Lean Manufacturing Essay

3494 words - 14 pages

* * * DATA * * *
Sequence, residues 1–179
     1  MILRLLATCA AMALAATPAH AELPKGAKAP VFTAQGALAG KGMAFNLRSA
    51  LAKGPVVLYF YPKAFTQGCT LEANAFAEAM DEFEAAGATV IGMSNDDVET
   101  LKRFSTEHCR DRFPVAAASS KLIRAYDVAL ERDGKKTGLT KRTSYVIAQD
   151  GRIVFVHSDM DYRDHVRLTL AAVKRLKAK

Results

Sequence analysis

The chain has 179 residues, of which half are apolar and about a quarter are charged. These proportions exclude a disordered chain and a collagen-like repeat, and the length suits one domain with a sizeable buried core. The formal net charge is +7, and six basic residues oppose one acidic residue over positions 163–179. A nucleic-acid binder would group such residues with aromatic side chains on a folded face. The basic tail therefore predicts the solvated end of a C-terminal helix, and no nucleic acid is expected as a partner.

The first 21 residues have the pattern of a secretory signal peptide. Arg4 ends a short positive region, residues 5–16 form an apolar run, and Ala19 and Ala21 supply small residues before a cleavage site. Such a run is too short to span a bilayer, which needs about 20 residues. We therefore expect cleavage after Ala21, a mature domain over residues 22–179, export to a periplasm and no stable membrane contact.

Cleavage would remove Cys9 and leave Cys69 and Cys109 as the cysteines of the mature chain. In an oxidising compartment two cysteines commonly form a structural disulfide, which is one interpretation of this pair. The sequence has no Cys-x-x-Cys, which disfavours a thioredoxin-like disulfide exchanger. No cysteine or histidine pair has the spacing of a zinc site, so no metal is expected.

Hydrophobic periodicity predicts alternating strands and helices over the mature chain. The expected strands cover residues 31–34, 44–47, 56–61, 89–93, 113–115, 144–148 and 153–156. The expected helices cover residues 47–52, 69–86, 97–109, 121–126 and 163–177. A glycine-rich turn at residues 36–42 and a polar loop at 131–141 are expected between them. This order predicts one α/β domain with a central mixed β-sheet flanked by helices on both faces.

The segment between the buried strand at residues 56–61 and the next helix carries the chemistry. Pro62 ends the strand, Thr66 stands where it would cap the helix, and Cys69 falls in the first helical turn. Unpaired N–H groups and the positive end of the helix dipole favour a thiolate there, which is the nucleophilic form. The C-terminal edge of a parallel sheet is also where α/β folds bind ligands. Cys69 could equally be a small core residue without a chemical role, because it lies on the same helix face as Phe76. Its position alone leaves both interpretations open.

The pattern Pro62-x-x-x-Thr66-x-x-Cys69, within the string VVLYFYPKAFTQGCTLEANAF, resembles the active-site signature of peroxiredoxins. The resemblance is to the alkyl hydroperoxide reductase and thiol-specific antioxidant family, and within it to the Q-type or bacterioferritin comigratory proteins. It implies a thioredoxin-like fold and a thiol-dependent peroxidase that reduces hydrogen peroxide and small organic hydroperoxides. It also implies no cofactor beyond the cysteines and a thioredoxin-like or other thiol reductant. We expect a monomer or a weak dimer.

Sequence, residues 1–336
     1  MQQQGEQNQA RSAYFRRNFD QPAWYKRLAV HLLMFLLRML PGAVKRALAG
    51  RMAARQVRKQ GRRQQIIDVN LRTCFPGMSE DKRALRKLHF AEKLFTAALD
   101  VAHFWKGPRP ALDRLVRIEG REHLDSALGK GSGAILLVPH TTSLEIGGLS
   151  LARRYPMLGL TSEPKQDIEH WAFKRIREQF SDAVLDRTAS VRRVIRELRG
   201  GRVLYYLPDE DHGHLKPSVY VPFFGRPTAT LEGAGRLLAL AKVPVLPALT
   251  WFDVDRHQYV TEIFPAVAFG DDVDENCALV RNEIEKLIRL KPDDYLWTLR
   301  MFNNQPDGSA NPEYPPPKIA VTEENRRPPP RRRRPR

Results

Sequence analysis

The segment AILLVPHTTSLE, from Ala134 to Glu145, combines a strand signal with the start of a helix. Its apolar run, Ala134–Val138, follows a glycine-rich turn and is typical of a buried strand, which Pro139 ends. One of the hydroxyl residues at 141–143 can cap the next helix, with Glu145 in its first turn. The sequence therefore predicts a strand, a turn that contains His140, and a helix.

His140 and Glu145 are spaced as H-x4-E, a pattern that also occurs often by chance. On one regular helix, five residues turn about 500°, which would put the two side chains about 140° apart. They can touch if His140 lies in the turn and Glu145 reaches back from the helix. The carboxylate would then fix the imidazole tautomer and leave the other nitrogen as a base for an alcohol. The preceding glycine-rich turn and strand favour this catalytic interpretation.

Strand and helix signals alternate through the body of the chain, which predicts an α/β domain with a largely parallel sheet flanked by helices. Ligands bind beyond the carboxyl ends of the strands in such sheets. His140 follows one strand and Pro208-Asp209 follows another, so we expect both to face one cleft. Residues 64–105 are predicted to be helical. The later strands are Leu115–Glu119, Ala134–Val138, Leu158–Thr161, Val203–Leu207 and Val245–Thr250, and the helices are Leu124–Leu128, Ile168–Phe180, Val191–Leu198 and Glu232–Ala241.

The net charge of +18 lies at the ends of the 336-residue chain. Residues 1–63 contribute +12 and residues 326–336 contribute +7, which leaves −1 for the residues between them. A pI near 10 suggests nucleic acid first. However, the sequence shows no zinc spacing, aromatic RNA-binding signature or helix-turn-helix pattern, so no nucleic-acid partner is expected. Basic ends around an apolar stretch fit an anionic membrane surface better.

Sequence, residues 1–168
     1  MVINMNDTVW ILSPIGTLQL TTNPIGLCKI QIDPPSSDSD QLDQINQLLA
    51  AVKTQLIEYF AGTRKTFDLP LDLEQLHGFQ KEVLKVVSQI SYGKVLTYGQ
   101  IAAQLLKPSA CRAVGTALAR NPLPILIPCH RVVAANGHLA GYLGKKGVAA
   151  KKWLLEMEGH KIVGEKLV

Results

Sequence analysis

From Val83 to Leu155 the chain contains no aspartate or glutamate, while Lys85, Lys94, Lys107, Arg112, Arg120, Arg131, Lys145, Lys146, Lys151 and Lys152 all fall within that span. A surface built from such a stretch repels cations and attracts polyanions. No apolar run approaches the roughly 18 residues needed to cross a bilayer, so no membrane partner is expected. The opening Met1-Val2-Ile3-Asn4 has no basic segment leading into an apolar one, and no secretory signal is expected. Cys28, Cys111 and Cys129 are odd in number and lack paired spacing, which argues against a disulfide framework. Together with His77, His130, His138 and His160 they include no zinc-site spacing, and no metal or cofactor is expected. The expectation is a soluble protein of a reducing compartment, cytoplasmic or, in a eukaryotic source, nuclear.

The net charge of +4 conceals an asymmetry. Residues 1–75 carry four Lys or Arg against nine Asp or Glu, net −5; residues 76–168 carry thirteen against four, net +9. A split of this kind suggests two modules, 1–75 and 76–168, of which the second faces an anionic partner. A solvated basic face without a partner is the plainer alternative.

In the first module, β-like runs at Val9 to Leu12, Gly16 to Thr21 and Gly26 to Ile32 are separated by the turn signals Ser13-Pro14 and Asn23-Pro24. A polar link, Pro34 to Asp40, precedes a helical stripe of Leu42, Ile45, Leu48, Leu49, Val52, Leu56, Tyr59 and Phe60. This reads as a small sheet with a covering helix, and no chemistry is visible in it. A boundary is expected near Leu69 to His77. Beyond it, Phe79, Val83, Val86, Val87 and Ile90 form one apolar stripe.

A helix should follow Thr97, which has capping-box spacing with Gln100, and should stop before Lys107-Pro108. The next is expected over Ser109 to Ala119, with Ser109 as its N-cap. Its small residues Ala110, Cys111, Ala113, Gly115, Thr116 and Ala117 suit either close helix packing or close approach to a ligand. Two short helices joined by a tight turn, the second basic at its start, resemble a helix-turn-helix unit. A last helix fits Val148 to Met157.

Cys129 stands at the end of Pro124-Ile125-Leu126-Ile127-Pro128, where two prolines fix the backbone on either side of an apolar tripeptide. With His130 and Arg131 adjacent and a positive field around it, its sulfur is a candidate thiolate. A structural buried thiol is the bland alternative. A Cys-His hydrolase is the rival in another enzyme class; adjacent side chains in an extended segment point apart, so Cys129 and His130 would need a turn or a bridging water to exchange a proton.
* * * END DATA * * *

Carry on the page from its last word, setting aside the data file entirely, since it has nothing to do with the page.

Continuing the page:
Elements of a lean manufacturing programmeMuch has been written and published about lean manufacturing programmes. The focus of which would appear to be on the technical elements of such programmes i.e. specific tools and techniques, human resources and the cultural implications and requirements. However during the author's period of research, the findings of which indicate that very little headway would appear to have been made regarding the strategic and competitive framework within which the lean manufacturing concepts should operate. It is true to say however that a great number of works on competitive strategies and strategic development processes have been written. Given the scope and constraints of this paper (focus and length) the author provides a number of strategic theories, which offer some synergy and context to lean manufacturing systems.In Kenichi Ohmae's 1983 book, "The Mind of the Strategist" McGraw-Hill. Ohmae states, "What business strategy is all about, what distinguishes it from all other kinds of business planning, is competitive advantage". Corporate strategy he argues implies an attempt to "alter a company's strength relative to that of its competitors in the most efficient way". Responsiveness to changing customer objectives lies at the root of Ohmae's system for constructing a business strategy. He further identifies three points of the "strategic triangle" the organisation (its strengths, weaknesses and resources), the customer and the competition. "Customer-based strategies are the basis of all strategy," asserts Ohmae. He is convinced that an organisation's foremost concern should be the interest of its customers as opposed to that of its shareholders. Ohmae's theories do offer a degree of synergy to one of the key elements of any lean manufacturing system that of customer focus.According to Joseph Defeo of the Juran Institute (www.juran-institute.com) (2002)."Successful implementation of an organisation's strategy will reduce operating costs; increase customer satisfaction and shareholder value; create responsive, flexible and disciplined business systems".In terms of the competitive environment, which would appear to be the driving force behind many organisations' strategic development processes. M.E.Porter (1985) "Competitive Advantage" Free Press, offers the theory that in order for an organisation to gain competitive advantage it must create value for the buyers of its products. He goes on to say that this can only be done if they understand the value chain (see figure 2.0), those strategically important activities that provide the difference between them and their competitors. Porter's theory is centered on what he calls "primary activities" which are directly concerned with the creation or delivery of a product or service and can be grouped into five main areas: inbound logistics, operations, outbound logistics, marketing and sales, and service.1)Inbound Logistics are the activities concerned with receiving,...

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